Terry_Cowan (16K)

Using Silicon Bronze Filler Rod on Steel

© Ron Covell 2007

There are many metalworkers who have not yet learned the benefits of using Silicon Bronze filler rod when TIG welding steel. Perhaps the greatest advantage is that bronze rod 'pulls' the metal less, so you'll get a lot less distortion (warping) when welding, and this is particularly noticeable when welding on large sheet metal panels.

First, let's note that although brass and bronze have a similar appearance, their properties are distinctly different. While both are copper-based, brass is an alloy of copper and zinc, and bronze is an alloy of copper and tin.

Most metalworkers are familiar with the process of brazing steel panels together. This is usually done with an oxy-acetylene torch, using either bare brass rod dipped in brazing flux, or by using flux-coated brazing rod, which is readily available at welding stores. Brazing certainly has its place, but it is not really feasible to TIG weld with brass rod, since the zinc gives off fumes when heated, and the violent fuming pollutes the argon gas shield around the weld. An additional concern is that the zinc fumes are poisonous, so you must be very careful to protect yourself from the dangerous fumes, either by using proper ventilation, or an appropriate respirator.

One of the biggest drawbacks to brazing sheet metal autobody panels is that neither paint nor plastic auto body filler stick to brass very well, and over the years I have seen countless brazed repairs that have failed because of cracks in paint or plastic applied over them.

When welding steel panels with bronze rod, this problem is eliminated, since both paint and plastic filler bond to bronze very well. Bronze has only about half the tensile strength of steel, so I wouldn't recommend using it as an all-purpose replacement for steel filler rod, but for non-structural repairs it can offer some real benefits. On older cars, especially those made in the pre-unibody days, virtually all of the panels are non-structural. On newer cars, some panels are structural, so be sure you know how the panel is utilized before you decide to use bronze rod for a repair. Bronze filler rod sticks very well to steel, but on sheet metal panels, I would prefer an overlapped joint over a butt joint, due to the lower tensile strength of the bronze. For any inside or outside corner joint, the bronze rod should achieve the same strength as the base metal, since the bead size will be several times the base metal thickness, and this is a situation where you will get MUCH less distortion than you would if using steel filler rod.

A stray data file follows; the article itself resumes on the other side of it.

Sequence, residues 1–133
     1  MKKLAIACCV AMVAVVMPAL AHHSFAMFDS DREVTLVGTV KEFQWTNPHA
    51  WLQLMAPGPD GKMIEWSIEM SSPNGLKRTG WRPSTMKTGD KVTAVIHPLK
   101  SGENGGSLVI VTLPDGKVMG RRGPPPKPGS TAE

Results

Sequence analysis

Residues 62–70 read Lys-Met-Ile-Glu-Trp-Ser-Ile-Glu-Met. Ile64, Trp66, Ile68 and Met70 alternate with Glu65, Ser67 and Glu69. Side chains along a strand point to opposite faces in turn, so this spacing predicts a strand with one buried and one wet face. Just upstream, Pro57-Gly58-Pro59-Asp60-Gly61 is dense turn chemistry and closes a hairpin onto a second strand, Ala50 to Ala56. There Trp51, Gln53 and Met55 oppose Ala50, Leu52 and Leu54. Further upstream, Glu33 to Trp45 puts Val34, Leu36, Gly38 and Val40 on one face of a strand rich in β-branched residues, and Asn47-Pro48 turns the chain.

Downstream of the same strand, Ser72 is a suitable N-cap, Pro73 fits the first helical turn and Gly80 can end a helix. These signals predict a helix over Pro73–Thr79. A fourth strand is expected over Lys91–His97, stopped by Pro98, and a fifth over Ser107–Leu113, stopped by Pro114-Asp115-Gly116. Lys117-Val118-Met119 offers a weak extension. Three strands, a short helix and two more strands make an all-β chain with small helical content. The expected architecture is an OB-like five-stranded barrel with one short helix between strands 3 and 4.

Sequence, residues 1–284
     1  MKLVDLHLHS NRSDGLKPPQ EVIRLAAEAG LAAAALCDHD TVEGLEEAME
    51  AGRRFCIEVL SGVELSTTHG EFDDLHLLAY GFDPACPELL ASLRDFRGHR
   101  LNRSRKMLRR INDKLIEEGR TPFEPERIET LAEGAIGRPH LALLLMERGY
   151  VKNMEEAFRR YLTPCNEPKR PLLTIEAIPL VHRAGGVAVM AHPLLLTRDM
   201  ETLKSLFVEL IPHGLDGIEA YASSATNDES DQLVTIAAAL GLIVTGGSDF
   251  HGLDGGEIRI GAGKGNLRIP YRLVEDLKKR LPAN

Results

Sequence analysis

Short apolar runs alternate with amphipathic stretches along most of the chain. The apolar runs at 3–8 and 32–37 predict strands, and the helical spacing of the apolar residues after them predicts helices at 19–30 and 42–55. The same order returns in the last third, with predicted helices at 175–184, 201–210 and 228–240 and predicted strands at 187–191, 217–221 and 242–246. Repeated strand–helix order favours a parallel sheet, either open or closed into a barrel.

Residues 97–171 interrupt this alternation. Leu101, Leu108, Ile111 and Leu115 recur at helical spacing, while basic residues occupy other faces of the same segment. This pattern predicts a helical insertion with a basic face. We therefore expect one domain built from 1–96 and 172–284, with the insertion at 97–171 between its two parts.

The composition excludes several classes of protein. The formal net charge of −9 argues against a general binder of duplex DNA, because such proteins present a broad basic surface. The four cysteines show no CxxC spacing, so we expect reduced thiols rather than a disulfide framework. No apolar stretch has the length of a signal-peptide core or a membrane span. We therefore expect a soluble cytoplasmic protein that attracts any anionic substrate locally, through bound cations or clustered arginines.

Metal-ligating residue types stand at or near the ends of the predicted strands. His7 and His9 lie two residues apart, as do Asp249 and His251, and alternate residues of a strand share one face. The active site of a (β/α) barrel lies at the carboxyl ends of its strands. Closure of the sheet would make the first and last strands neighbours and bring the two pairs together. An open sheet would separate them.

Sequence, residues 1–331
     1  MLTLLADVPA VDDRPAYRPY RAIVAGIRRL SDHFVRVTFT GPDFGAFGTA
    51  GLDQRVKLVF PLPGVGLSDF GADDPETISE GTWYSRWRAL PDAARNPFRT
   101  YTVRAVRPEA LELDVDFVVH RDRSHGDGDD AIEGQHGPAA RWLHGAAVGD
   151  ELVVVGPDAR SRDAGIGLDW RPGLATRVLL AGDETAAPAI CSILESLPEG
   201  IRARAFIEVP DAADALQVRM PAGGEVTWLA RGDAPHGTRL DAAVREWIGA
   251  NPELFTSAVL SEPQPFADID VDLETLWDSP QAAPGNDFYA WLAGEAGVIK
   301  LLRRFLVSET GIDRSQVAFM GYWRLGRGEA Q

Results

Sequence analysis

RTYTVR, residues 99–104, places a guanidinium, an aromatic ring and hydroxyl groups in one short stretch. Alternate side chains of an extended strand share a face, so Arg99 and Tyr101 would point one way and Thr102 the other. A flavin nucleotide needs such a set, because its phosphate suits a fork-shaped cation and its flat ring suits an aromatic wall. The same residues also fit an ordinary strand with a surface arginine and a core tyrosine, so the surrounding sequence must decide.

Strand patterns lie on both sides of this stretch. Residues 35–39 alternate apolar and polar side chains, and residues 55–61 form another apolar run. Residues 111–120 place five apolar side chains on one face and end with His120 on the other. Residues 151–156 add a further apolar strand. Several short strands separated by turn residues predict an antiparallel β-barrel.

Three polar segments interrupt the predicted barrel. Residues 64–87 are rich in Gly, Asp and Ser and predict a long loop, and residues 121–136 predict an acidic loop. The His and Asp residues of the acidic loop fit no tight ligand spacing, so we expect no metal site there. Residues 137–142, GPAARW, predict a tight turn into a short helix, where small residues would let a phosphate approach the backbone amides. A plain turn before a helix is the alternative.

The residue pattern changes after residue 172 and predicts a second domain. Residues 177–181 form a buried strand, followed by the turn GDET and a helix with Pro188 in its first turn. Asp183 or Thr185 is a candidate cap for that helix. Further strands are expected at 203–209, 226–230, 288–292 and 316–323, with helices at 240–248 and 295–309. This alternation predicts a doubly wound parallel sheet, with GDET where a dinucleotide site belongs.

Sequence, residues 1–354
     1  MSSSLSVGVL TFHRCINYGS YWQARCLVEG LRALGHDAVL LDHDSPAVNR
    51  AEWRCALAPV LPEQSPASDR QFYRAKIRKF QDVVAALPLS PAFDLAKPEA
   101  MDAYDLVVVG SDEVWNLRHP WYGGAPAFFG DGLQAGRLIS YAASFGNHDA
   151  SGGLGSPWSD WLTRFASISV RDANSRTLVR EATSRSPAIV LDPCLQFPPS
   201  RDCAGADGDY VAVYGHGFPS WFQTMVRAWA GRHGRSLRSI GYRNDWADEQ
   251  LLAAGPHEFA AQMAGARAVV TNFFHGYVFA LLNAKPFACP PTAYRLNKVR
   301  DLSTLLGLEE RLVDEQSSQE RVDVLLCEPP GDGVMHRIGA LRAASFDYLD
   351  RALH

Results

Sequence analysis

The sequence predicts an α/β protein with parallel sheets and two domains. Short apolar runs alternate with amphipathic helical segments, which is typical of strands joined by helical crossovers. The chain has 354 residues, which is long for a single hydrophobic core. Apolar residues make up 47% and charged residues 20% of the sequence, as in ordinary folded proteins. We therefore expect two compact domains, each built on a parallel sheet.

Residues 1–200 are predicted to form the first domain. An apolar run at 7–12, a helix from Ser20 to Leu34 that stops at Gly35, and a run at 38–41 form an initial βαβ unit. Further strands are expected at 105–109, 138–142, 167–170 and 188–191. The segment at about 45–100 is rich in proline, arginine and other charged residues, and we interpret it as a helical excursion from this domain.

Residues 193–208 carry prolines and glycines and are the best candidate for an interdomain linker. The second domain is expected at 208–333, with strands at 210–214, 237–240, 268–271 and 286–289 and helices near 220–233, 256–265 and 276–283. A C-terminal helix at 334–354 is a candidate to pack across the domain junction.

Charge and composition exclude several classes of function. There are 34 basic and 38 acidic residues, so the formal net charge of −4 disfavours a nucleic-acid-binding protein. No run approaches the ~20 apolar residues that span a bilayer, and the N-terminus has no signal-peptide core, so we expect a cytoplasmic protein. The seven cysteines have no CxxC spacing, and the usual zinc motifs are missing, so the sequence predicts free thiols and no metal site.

In cases where you need to add a lot of rod to a steel part (filling divots on parts to be chrome plated, for example) the smaller amount of distortion offered by the bronze rod is a HUGE advantage. In industry, there are several varieties of bronze (phosphor bronze, naval bronze, etc.) but for welding on mild steel, I'd stick with Silicon Bronze filler rod. The trade name that I am most familiar with is 'Everdur', and most welding stores stock this rod.

It is also possible to MIG weld with bronze wire, but since bronze is softer than steel, it's much more difficult to feed it a long distance to the gun, so using a spoolgun is preferred, if that's an option. It is possible to feed it through a standard MIG cable, but you must be very careful to keep the cable as straight as possible, and .030" diameter wire will feed much better than .023". It may help to use a contact tip that is just slightly oversize, too, to keep the wire from binding, and creating a 'birds nest' inside the machine.

For MIG welding with bronze wire, you should use pure argon shielding gas, not CO2 or an Argon CO2 mix. I traveled in Australia recently, and visited a brand-new state-or-the-art facility where they taught collision repair. They use bronze wire extensively when making non-structural repairs on new cars, which came as a surprise to me. Pulsed MIG machines are preferred for MIG welding with bronze wire, but even a 'standard' non-pulsed machine can do an adequate job.

If you've not yet experienced the joy of using bronze rod or wire on steel, I think you will enjoy its benefits, and we can all use a little help from time to time for some of our difficult metal projects!

© 2007 Metalshapers Association

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